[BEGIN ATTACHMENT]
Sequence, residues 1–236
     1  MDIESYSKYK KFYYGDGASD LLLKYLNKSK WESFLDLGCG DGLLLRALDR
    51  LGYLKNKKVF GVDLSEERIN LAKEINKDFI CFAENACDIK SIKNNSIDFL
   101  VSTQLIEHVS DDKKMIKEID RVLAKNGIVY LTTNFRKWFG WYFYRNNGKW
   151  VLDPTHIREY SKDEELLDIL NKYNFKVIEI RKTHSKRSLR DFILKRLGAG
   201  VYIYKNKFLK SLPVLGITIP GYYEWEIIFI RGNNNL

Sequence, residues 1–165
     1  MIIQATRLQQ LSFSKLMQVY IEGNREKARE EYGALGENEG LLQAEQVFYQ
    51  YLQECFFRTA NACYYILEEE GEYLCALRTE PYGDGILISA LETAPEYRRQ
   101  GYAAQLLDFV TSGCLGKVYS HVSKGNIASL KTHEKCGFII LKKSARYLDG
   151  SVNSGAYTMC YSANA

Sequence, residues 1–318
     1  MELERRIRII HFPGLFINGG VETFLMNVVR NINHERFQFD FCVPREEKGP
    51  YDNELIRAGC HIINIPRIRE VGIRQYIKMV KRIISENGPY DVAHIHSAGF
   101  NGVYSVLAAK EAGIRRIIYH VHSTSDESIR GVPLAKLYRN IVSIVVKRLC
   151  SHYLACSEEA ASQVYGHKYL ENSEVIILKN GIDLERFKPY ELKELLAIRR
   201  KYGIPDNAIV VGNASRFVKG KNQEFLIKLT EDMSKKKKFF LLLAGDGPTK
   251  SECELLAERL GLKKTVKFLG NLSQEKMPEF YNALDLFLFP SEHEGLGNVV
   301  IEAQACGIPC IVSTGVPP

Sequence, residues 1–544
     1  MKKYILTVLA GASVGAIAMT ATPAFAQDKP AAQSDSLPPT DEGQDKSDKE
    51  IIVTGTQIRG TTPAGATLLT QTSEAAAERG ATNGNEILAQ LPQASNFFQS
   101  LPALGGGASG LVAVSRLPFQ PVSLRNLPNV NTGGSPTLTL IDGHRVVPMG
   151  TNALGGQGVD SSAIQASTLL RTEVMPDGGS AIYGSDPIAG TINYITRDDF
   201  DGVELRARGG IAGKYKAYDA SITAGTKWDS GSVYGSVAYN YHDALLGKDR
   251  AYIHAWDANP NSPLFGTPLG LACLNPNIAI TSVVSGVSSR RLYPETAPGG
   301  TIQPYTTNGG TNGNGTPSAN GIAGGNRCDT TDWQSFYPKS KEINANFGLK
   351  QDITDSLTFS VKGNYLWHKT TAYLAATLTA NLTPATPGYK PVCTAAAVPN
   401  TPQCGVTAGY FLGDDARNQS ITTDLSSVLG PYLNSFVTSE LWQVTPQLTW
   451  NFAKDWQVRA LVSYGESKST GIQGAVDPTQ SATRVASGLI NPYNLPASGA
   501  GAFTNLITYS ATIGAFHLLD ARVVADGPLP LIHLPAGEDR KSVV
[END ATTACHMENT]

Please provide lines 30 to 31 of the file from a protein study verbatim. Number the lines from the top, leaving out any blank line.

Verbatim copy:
   451  NFAKDWQVRA LVSYGESKST GIQGAVDPTQ SATRVASGLI NPYNLPASGA
   501  GAFTNLITYS ATIGAFHLLD ARVVADGPLP LIHLPAGEDR KSVV